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    • By NASA
      The Power to Explore 2024 logo pays homage to the upcoming total eclipse in the United States.NASA NASA selected 45 student essays as semifinalists of its 2024 Power to Explore Challenge, a national competition for K-12 students featuring the enabling power of radioisotopes. Contestants were challenged to explore how NASA has powered some of its most famous science missions and to dream up how their personal “superpower” would energize their success on their own radioisotope-powered science mission. The competition asked students to learn about Radioisotope Power Systems (RPS), “nuclear batteries” that NASA uses to explore the harshest, darkest, and dustiest parts of our solar system. RPS have enabled many spacecraft to conduct otherwise impossible missions in total darkness.
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      Carl Sandifer
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      The Power to Explore Challenge offered students the opportunity to learn more about these reliable power systems, celebrate their own strengths, and interact with NASA’s diverse workforce. This year’s contest received 1,787 submitted entries from 48 states and Puerto Rico.
      “It has been so exciting to see how many students across the nation have submitted essays to NASA’s Power to Explore Challenge,” said Carl Sandifer, program manager of the Radioisotope Power Systems Program at NASA’s Glenn Research Center in Cleveland. “We have been thrilled to read their creative RPS-powered mission concepts and have been inspired learning about their many ‘superpowers’ that make them the bright future of NASA – the Artemis Generation.”
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      Fifteen national semifinalists in each grade category (45 semifinalists total) have been selected. These participants also will receive a NASA RPS prize pack. Finalists for this challenge will be announced on April 8 in celebration of the total solar eclipse.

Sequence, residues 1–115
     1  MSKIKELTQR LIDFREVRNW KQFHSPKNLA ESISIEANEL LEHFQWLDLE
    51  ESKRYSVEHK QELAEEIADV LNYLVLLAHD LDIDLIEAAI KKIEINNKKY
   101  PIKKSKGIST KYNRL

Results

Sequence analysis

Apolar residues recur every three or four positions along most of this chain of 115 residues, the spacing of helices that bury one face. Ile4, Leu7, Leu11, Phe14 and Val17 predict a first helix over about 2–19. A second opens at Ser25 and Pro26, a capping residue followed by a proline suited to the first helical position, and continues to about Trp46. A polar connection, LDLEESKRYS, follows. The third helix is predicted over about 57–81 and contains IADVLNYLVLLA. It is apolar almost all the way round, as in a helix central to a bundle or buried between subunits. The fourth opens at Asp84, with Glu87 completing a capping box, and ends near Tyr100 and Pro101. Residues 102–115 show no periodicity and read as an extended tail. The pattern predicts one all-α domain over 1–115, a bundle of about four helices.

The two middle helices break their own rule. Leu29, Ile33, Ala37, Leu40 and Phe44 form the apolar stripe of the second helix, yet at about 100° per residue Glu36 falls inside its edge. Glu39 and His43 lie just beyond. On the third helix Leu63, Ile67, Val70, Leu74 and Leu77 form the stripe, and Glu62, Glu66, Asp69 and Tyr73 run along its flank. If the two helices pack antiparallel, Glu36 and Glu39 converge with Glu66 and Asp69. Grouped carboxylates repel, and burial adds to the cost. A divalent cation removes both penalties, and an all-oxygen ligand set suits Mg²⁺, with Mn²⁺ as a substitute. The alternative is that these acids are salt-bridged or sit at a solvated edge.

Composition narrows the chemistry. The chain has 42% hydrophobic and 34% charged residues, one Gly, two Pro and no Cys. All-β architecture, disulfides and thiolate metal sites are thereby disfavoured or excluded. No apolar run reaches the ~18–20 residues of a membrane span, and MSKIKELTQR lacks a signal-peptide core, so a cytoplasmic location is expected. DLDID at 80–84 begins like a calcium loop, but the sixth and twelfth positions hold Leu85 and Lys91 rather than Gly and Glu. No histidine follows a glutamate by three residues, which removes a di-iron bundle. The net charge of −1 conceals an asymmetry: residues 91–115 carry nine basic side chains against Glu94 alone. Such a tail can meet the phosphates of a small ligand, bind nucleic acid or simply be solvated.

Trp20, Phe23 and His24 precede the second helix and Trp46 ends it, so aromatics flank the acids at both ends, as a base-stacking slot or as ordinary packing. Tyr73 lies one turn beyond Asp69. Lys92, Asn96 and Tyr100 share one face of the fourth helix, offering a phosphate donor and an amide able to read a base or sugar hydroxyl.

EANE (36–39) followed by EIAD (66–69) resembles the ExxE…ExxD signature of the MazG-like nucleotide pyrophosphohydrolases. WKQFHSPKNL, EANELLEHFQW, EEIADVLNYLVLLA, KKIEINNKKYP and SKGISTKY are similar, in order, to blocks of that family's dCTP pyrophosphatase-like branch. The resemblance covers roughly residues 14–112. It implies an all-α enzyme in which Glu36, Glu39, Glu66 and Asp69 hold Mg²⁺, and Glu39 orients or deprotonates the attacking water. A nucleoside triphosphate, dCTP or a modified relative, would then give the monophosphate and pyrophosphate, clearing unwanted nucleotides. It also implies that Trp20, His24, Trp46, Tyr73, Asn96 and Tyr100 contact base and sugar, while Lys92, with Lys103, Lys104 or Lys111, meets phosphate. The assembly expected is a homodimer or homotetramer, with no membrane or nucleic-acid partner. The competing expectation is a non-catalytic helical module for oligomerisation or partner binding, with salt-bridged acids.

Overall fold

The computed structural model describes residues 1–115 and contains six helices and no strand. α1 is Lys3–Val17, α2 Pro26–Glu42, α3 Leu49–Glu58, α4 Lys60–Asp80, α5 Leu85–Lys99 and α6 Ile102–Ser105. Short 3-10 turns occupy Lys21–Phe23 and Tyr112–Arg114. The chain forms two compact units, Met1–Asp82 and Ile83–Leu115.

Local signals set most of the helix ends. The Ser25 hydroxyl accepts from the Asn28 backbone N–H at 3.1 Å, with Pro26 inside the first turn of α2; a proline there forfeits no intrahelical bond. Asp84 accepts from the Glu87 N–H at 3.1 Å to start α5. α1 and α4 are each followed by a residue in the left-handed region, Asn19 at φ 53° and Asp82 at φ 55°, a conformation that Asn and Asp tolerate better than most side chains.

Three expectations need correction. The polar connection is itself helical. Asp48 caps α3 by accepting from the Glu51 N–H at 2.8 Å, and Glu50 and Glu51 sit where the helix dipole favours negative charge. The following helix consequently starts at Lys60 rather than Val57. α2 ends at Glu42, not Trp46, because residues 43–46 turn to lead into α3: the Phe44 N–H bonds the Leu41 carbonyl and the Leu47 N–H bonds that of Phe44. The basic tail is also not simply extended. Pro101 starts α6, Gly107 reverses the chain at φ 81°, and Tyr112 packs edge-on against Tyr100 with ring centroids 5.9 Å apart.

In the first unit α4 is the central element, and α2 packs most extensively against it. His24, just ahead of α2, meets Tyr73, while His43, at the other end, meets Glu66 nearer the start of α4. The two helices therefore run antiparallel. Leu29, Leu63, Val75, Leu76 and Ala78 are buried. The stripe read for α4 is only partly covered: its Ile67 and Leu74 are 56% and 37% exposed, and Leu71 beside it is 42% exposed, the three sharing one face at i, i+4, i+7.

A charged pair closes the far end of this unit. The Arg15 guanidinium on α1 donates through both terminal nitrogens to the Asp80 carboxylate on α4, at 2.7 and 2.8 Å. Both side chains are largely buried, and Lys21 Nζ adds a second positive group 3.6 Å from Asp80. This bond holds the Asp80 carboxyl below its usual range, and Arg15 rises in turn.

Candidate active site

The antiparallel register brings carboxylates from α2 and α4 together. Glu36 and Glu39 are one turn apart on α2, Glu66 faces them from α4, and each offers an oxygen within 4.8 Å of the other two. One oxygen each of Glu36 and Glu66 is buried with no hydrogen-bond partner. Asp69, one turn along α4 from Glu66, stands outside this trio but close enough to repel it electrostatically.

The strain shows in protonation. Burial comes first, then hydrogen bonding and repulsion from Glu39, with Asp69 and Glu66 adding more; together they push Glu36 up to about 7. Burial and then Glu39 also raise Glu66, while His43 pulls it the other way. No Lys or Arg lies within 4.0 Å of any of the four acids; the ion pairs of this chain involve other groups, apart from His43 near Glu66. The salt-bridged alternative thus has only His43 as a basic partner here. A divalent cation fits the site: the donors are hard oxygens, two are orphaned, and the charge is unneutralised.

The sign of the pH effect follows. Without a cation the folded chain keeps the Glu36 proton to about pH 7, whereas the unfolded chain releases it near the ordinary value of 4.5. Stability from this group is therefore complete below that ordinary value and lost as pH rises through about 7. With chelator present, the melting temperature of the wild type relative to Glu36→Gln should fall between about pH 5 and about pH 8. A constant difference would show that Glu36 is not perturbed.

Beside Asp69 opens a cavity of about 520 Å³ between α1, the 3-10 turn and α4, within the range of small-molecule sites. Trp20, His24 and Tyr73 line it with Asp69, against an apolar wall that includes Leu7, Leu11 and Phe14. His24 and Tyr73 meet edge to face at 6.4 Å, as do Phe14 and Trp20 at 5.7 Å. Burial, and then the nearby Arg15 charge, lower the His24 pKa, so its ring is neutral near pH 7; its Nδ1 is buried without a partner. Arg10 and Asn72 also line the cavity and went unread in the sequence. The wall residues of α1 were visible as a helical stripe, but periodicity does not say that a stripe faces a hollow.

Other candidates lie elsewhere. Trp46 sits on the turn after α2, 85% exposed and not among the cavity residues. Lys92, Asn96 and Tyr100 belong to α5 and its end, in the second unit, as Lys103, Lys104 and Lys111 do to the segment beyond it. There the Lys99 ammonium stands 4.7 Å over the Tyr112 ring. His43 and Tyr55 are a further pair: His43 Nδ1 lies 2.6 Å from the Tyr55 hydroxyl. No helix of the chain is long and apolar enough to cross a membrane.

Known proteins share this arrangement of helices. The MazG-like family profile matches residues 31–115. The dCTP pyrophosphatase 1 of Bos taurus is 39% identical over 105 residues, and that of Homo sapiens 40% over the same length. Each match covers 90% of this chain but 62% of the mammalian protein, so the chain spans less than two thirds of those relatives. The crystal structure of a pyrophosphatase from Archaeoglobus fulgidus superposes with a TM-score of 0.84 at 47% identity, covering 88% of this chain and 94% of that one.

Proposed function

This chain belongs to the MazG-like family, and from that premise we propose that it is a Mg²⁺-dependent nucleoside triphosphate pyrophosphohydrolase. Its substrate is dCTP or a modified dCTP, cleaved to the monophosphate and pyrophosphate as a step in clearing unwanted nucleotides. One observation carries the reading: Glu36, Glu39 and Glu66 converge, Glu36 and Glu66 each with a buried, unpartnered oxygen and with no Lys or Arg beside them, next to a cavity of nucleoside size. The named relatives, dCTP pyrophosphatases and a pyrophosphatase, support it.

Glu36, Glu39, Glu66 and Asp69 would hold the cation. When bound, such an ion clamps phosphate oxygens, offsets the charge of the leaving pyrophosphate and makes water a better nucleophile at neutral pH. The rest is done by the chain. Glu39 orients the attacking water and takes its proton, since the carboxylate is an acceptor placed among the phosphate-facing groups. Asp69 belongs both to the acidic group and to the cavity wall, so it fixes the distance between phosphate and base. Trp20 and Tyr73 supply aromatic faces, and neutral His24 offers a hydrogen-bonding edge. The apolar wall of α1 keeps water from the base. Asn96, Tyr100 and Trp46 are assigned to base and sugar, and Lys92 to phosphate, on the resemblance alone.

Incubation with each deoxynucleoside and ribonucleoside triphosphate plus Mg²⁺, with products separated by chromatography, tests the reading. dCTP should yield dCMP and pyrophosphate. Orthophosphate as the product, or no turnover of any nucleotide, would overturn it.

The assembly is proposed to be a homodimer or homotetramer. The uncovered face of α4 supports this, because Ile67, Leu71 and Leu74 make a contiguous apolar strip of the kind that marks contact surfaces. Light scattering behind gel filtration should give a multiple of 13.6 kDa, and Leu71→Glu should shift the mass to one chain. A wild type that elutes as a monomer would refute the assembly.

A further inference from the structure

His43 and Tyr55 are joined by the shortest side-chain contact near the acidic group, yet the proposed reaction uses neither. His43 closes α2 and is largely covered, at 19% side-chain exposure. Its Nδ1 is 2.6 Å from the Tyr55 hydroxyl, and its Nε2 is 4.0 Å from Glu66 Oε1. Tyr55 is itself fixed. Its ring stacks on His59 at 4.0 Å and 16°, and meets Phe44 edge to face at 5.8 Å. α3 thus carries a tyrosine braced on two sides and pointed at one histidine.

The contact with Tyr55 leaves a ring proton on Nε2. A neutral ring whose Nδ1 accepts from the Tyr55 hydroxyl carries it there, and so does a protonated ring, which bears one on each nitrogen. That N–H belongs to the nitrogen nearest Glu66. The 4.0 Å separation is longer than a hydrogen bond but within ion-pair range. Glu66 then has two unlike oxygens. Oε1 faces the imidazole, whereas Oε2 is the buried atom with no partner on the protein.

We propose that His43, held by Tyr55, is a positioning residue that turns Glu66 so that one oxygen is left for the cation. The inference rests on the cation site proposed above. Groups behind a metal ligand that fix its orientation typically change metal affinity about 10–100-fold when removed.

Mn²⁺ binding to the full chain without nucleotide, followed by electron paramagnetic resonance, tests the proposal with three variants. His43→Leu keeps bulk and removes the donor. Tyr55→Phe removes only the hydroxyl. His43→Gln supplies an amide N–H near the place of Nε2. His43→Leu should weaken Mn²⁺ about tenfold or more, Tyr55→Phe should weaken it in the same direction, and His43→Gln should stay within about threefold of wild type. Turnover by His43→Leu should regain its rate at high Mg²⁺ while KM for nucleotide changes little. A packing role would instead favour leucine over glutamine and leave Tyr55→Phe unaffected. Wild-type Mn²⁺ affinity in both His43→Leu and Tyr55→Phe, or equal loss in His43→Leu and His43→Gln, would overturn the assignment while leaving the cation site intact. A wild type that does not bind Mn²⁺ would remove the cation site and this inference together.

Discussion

Semifinalists: Grades K-4
      Maryam Asif, Sarasota, FL Thashvi Balaji, Riverview, FL Yavuz Bastug, Peckville, PA Claire Bennett, La Grange, NC Ada Brolan, Somerville, MA Joseph Brown, Huntsville, AL Ashwin Cohen, Washington, D.C. Adara George, Lithia, FL Katerine Leon, Long Beach, CA Rainie Lin, Lexington, KY Connor Personette, Lakeland, FL Yash Rajan, Issaquah, WA Camila Rymzo, Belmont, MA Arslan Soner, Columbia, SC Zachary Tolchin, Guilford, CT Semifinalists: Grades 5-8
      Nithilam Arivuchelvan, Short Hills, NJ Nandini Bandyopadhyay, Short Hills, NJ Cooper Basi, Rocklin, CA Joshua Cheng, Rockville, MD Kaitlyn Chu, Mercer Island, WA Mayson Howell, Troy, MO Dhiraj Javvadi, Louisville, KY Aadya Karthik, Redmond, WA Subham Maiti, Bloomington, MN Meadow McCarthy, Corvallis, OR Elianna Muthersbaugh, Bluffton, SC Archer Prentice, Koloa, HI Andrew Tavares, Bridgewater, MA Sara Wang, Henderson, NV Anna Yang, Austin, TX Semifinalists: Grades 9-12
      Sabrina Affany, Fresno, CA Alejandro Aguirre, Mission Viejo, CA Sai Meghana Chakka, Charlotte, NC Khushi Jain, San Jose, CA Aiden Johnson, Virginia Beach, VA Robert Kreidler, Cincinnati, OH Zoie Lawson, Tigard, OR Thomas Liu, Ridgewood, NJ Madeline Male, Fairway, KS Dang Khoi Pham, Westminster, CA Sofia Anna Reed-Gomes, Coral Gables, FL Ava Schmidt, Leavenworth, WA Madden Smith, Loveland, OH Kailey Thomas, Las Vegas, NV Warren Volles, Lyme, CT One of last year’s winners shared drawings with his essay.Courtesy of Pollack Family About the Challenge
      The challenge is funded by the Radioisotope Power Systems Program Office in NASA’s Science Mission Directorate and administered by Future Engineers under the NASA Open Innovation Services 2 contract. This contract is managed by the NASA Tournament Lab, a part of the Prizes, Challenges, and Crowdsourcing Program in NASA’s Space Technology Mission Directorate.

      Kristin Jansen
      NASA’s Glenn Research Center
      View the full article